It's a French word that means "appointed place of meeting." In the early nineteenth century that "meeting" was the event of the year on the western frontier. From 1825 to 1840 mountain men and Native Americans who were trapping in the streams and valleys of the Rocky Mountains gathered annually to sell their furs and trade for supplies.
James Beckwourth, a well known mountain man, described the summer gatherings in this way: "It may well be supposed that the arrival of such a vast amount of luxuries from the East did not pass off without a general celebration. Mirth, song, dancing, shooting, trading, running, jumping, singing, racing, target-shooting, yarns, frolic, with all sort of extravagances that white men or Indians could invent were freely indulged in. The unpacking of the medicine water contributed not a little to the heightening of our festivities."
Most of the sixteen Rendezvous held during the 1800s took place in what is now western Wyoming, not far from Idaho. One rendezvous actually was held in present day Idaho near what is now the town of Driggs. That 1832 rendezvous, at a location called Pierre's Hole, was one of the largest ever held in the Rocky Mountains. It's estimated there were four hundred mountain men, hundreds of Native Americans and thousands of horses. Among the tribes present were the Nez Perce, the Flatheads and the Shoshone. In fact, all the rendezvous were held in the territory of the Shoshone, a tribe also called the Snake Indians by trappers.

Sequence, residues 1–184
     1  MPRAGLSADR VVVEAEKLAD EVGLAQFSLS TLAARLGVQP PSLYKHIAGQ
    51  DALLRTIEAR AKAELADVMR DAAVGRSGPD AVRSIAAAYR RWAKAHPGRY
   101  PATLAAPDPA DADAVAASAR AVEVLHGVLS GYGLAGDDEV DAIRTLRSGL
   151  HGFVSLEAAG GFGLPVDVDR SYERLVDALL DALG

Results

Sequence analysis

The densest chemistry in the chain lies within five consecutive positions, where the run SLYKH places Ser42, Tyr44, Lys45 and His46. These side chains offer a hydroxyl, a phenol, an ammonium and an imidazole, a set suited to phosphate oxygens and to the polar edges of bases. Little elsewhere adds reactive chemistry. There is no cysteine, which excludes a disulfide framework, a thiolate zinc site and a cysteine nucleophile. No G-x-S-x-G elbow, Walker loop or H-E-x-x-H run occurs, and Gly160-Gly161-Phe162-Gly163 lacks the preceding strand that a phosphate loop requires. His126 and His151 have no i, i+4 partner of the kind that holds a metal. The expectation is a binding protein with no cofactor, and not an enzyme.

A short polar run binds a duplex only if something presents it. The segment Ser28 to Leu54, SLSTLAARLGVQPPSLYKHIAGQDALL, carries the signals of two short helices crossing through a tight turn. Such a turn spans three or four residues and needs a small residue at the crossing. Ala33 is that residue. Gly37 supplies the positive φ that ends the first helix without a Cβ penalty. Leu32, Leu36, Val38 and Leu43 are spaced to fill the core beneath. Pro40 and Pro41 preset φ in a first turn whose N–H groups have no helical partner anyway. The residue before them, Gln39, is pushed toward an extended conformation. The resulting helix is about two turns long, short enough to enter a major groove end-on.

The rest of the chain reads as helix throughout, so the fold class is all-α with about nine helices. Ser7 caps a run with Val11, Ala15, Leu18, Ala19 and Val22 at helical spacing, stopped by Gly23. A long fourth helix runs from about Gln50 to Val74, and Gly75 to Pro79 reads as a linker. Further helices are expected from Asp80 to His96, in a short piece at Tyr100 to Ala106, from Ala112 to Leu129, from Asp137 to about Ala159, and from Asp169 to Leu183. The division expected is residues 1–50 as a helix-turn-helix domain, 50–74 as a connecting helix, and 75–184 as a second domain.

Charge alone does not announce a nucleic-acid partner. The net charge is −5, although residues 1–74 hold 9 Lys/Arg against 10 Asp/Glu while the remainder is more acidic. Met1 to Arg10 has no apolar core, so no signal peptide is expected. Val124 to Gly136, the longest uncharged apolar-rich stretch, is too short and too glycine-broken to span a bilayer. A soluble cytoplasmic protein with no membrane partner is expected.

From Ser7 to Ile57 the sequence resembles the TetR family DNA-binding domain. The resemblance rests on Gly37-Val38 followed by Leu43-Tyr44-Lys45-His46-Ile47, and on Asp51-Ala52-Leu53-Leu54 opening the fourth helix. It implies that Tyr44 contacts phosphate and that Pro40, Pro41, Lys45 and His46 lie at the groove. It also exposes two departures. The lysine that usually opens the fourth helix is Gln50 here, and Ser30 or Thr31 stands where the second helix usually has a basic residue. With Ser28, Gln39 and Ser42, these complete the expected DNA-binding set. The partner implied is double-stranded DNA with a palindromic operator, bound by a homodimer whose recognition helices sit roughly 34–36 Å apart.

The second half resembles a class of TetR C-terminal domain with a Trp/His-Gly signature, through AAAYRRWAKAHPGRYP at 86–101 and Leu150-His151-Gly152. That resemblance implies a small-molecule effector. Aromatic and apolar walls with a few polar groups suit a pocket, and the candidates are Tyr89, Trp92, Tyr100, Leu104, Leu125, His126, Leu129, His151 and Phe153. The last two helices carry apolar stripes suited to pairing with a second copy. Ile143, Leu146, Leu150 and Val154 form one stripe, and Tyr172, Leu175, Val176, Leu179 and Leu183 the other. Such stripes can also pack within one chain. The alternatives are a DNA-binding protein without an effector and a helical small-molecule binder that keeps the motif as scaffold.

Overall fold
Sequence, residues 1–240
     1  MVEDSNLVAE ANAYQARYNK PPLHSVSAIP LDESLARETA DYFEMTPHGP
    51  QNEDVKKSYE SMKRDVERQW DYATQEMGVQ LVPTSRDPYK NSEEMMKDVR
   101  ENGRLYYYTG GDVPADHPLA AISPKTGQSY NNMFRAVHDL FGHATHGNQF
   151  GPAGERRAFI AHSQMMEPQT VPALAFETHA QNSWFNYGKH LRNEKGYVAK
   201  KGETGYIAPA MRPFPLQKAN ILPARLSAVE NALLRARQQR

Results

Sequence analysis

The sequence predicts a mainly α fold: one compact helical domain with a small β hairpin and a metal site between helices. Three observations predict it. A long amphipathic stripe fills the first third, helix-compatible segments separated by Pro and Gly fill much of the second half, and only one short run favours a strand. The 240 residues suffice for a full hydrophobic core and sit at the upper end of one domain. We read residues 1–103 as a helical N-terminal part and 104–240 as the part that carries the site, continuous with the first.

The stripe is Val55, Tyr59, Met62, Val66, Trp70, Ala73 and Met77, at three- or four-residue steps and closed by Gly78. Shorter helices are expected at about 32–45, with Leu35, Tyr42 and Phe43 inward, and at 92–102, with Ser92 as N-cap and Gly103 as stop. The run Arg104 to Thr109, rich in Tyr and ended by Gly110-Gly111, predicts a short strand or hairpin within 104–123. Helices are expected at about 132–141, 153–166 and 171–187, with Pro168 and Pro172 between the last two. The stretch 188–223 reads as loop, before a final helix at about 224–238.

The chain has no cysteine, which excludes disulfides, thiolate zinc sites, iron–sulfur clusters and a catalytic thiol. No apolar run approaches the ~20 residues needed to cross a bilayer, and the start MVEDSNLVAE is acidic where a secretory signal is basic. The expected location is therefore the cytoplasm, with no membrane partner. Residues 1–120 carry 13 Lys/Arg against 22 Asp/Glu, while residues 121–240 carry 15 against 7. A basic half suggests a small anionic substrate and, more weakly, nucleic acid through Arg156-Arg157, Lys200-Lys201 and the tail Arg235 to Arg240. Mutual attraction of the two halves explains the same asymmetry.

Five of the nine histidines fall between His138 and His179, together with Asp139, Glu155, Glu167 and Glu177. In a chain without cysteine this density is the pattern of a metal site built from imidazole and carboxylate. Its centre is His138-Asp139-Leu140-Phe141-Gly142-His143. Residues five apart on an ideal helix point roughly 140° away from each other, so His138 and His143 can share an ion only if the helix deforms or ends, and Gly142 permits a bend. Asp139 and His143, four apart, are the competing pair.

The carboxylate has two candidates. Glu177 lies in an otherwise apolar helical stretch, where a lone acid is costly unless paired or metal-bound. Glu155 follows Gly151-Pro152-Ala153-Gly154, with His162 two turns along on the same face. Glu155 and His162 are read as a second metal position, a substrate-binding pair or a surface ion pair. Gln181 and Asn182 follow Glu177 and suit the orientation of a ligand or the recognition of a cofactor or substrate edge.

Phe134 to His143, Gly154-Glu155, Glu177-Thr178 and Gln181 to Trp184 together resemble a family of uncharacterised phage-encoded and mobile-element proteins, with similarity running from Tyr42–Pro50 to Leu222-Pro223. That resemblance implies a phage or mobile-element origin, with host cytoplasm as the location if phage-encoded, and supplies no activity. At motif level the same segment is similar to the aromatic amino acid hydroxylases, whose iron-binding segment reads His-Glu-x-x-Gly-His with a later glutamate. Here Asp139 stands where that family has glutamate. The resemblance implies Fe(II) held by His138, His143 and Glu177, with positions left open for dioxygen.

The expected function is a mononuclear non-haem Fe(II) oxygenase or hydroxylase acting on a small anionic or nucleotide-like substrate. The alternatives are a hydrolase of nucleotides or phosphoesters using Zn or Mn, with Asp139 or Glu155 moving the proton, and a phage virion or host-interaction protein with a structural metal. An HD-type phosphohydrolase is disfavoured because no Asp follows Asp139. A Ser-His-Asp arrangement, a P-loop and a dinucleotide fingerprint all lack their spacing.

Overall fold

Today, there are many groups in Idaho that recapture those exciting days of the mountain men. Each year they hold a number of modern day rendezvous. At these current gatherings people still get together to trade and socialize. Many are dressed in the outfits of the past, and there are also numerous competitions to test participant's skills with muzzleloaders, knives, and tomahawks.
In eastern Idaho, near McCammon, and not far from a number of the original rendezvous sites, the Portneuf Muzzleloaders stage an annual gathering. It's an event that has been taking place in various locations for more than thirty years.
According to Gordon Perry, president of the club, "Part of the fun of a club like this, besides shooting old firearms, is everything that goes with it. The buckskins, the trapping goods, the whole genre that takes place. It's a family activity. The kids get involved. We have the candy cannon where we shoot candy in the air and they race for it. The camaraderie of a group like this is special because, after a while, a lot of these people you see once a year become like family. It's like a family reunion."
Another group that has a long running rendezvous is the Idaho Free Trappers. They've held an event near Cascade in central Idaho for more than twenty years.
Other Idaho groups with long running rendezvous and other events include the Hog Heaven Muzzleloaders of Troy, the Lolo Trail Muzzleloaders, the Hells Canyon Muzzleloaders, and the High Country Muzzleloaders of Grangeville.